• show an increasing capacity to understand, self-regulate and manage their emotions in ways that reflect the feelings and needs of others
  • experience and share personal successes in learning and initiate opportunities for new learning in their home languages or Standard Australian English
  • acknowledge and accept affirmation
  • assert their capabilities and independence while demonstrating increasing awareness of the needs and rights of others
  • recognise the contributions they make to shared projects and experiences

Educators promote this learning, for example, when they:

  • show genuine affection, understanding and respect for all children
  • collaborate with children to document their achievements and share their successes with their families
  • ensure that all children experience pride in their attempts and achievements
  • promote children’s sense of belonging, connectedness and wellbeing
  • challenge and support children to engage in and persevere at tasks and play
  • build upon and extend children’s ideas
  • maintain high expectations of each child’s capabilities
  • value children’s personal decision-making
  • welcome children and families sharing aspects of their culture and spiritual lives
  • talk with children about their emotions and responses to events with a view to supporting their understandings of emotional regulation and self-control
  • acknowledge and affirm children’s effort and growth
  • mediate and assist children to negotiate their rights in relation to the rights of others

3.2 Children take increasing responsibility for their own health and physical wellbeing

This is evident, for example, when children:

  • recognise and communicate their bodily needs (for example, thirst, hunger, rest, comfort, physical activity)
  • are happy, healthy, safe and connected to others
  • engage in increasingly complex sensory motor skills and movement patterns
  • combine gross and fine motor movement and balance to achieve increasingly complex patterns of activity including dance, creative movement and drama
  • use their sensory capabilities and dispositions with increasing integration, skill and purpose to explore and respond to their world
  • demonstrate spatial awareness and orient themselves, moving around and through their environments confidently and safely
  • manipulate equipment and manage tools with increasing competence and skill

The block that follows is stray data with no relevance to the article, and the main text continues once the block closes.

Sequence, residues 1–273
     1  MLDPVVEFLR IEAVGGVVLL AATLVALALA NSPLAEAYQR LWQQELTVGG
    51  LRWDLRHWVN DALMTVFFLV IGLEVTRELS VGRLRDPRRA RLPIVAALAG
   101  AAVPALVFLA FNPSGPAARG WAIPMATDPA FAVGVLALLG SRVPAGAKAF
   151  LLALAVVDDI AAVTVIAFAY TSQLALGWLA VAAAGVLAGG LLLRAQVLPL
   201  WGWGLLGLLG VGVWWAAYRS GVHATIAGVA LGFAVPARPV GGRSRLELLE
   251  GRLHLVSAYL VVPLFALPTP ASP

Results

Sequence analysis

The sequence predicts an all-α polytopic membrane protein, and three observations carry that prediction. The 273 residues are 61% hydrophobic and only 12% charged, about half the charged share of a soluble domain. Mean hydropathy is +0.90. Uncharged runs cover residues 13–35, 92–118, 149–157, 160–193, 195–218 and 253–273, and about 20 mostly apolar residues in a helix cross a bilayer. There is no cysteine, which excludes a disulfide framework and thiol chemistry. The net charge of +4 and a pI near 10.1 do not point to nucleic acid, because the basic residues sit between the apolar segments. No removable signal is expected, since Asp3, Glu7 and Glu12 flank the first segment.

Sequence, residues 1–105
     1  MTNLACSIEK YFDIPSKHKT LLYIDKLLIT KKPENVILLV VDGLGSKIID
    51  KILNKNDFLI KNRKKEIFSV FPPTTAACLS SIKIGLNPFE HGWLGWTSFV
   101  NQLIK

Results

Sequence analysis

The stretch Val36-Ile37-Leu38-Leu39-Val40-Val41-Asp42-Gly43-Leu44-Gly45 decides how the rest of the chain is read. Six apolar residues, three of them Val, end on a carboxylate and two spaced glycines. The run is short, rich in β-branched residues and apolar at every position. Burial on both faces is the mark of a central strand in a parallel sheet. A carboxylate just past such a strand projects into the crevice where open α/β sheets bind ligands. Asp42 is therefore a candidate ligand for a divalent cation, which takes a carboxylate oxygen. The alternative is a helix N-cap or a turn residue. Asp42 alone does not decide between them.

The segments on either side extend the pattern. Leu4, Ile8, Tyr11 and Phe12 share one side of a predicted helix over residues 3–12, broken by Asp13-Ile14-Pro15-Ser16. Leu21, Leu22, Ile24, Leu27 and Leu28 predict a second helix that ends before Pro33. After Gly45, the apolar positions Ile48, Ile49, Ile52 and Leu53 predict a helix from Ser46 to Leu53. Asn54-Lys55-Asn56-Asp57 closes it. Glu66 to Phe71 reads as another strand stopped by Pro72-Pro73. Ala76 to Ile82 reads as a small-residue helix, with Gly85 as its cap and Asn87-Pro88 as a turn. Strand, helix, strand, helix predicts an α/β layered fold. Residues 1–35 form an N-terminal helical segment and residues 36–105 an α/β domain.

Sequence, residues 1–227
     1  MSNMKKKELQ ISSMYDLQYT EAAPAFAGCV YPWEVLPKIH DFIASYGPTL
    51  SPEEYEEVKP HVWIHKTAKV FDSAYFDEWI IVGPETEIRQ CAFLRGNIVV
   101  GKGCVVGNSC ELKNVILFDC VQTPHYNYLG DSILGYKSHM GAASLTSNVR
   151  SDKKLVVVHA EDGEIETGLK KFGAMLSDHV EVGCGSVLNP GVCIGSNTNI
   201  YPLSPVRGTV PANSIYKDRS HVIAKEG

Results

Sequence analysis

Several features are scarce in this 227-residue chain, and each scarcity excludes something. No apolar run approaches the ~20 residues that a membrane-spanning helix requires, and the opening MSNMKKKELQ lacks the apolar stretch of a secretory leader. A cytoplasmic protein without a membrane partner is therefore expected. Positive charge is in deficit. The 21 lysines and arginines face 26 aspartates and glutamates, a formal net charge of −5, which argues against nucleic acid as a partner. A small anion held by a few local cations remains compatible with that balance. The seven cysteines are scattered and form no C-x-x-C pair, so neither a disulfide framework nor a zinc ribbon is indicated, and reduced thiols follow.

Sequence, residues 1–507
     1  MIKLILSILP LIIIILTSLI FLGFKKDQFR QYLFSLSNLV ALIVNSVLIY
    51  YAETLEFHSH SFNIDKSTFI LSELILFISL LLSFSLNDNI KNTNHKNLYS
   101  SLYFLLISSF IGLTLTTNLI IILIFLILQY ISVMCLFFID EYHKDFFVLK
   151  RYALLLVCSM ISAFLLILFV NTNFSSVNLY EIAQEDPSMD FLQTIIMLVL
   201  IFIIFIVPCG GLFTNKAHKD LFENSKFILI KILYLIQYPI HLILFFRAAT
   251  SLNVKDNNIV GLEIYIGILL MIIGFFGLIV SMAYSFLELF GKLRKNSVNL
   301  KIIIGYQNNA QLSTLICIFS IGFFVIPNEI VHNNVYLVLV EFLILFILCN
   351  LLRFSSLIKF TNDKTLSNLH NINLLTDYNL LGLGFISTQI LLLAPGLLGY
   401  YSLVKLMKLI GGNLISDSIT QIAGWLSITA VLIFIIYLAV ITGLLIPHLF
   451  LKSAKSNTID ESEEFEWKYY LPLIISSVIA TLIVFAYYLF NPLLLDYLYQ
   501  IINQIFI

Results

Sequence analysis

• respond through movement to traditional and contemporary music, dance and storytelling
  • show an increasing awareness of healthy lifestyles and good nutrition
  • show increasing independence and competence in personal hygiene, care and safety for themselves and others
  • show enthusiasm for participating in physical play and negotiate play spaces to ensure the safety and wellbeing of

Educators promote this learning, for example, when they:

  • plan for and participate in energetic physical activity with children, including dance, drama, movement and games
  • draw on family and community experiences and expertise to include familiar games and physical activities in play
  • provide a wide range of tools and materials to resource children’s fine and gross motor skills
  • actively support children to learn hygiene practices
  • promote continuity of children’s personal health and hygiene by sharing ownership of routines and schedules with children, families and the community
  • discuss health and safety issues with children and involve them in developing guidelines to keep the environment safe for all
  • engage children in experiences, conversations and routines that promote healthy lifestyles and good nutrition
  • consider the pace of the day within the context of the community
  • model and reinforce health, nutrition and personal hygiene practices with children
  • provide a range of active and restful experiences throughout the day and support children to make appropriate decisions regarding participation